A House Judiciary Committee approved the Fairness in Class Action Litigation and Furthering Asbestos Claim Transparency Act of 2017 , one of numerous iterations of the legislation since 2004, which asbestos foes claim will hurt those seeking much-deserved compensation.
Repeatedly stalled in the legislature in previous years with a promised veto from President Barack Obama, supporters are hopeful President Donald Trump will support the bill as part of a reform package.
Republican sponsor U.S. Rep. Blake Farenthold of Texas introduced the bill in February.
Linda Reinstein, president of the Asbestos Disease Awareness Organization, vehemently opposes the bill and its previous version known as the FACT Act.
“The FACT Act is designed to make it even more difficult for asbestos victims, including our ADAO community, to receive our ‘day in court’ and the compensation we deserve,” Reinstein wrote on the organization’s website.
At issue is claimants’ privacy. Under the bill, the asbestos trusts would disclose the claimants’ private information in order for them to receive compensation. Formerly confidential data, such as their name, Social Security number, exposure history, as well as reason for compensation, would become public information.
Additionally, asbestos corporations could create an endless loop of information demands that would delay processing the trust claim and deplete trust assets by legally demanding information from any trust at any time about any person.
The bill functions retroactively, meaning it requires that trusts report and reprocess individual claims information for every trust claim filed since the trusts’ inception. This poses a clerical nightmare. For example, the Johns Manville trust has processed almost a million claims since it was created in 1988.
All the issues decrease the chances of asbestos victims receiving compensation. And time is of the essence for these claimants because their life expectancy is usually less than two years after diagnosis.
Farenthold claims the bill is designed to help asbestos victims.
“The FACT Act requires bankruptcy trusts to be transparent like other courts. This will ensure deserving victims receive the maximum relief for their illness and injuries, while preserving privacy protections, and weeding out bad actors who would take advantage of the system,” he said.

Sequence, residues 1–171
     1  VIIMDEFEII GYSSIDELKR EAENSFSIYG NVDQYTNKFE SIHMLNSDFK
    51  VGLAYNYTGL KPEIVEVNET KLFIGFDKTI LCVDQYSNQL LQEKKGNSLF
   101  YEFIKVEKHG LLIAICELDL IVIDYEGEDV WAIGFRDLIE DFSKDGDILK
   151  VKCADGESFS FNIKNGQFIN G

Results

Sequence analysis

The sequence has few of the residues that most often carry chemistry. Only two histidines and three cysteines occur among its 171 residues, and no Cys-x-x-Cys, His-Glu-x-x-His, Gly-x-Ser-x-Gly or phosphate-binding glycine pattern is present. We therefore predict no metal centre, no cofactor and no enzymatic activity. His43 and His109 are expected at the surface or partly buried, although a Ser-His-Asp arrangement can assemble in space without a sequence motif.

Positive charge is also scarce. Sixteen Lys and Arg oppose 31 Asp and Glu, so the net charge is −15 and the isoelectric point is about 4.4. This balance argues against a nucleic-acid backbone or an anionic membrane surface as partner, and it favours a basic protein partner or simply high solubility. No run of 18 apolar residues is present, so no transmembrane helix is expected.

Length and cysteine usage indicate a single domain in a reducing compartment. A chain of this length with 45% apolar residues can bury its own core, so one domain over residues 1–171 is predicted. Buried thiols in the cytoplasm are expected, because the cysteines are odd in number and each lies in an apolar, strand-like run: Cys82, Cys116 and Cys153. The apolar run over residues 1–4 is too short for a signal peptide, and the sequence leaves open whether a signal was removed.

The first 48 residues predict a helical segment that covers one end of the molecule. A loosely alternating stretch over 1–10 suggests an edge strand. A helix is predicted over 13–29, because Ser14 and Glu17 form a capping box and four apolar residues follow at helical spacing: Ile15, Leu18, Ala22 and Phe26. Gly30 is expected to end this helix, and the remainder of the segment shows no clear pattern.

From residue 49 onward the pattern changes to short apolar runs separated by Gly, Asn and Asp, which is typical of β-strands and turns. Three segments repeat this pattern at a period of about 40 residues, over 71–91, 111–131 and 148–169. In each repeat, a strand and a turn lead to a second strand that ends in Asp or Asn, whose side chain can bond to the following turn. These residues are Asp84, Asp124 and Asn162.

According to ADAO, asbestos defendants want “to make the asbestos trust claims process so onerous and so invasive for victims that the payments will be delayed, lowered, or victims will be deterred from filing claims entirely.”
If passed, the bill requires quarterly reports on claims made to the trusts, as well as requiring trusts to release information sought by defendants in asbestos lawsuits. The goal, according to supporters, is to prevent “double dipping” by claimants who might seek compensation from more than one trust.
Elizabeth Peace, a spokesperson from Farenthold’s office, says Trump has no reason to not support the bill, except if it’s presented on its own.
“We expect it to be rolled into a larger ‘reform’ package and passed that way,” she said.
Similar legislation passed the U.S. House last year, but died in the U.S. Senate. Since approved by a judiciary committee, the current legislation awaits a House vote, and if passed, moves to the Senate.
Asbestos trusts hold more than $37 billion established by the U.S. Bankruptcy Code. Companies that faced claims filed for bankruptcy reorganization to establish trusts that pay for current and future asbestos claims.
Under current law, trust fund litigation remains confidential and not admissible in court cases.
In previous years, the FACT Act contained additional language regarding class action litigation.
This year’s version separated the two issues with an additional bill called the Fairness in Class Action Litigation of 2017 sponsored by U.S. Rep. Bob Goodlatte, R-Va. It was introduced in the House as a piggyback to the FACT Act.
The bill includes a provision requiring the class-action litigation include members with the same type and scope of injury. Those with lesser injury may pursue compensation in their own class-action suit. Goodlatte seeks to weed out unmeritorious claims with the legislation.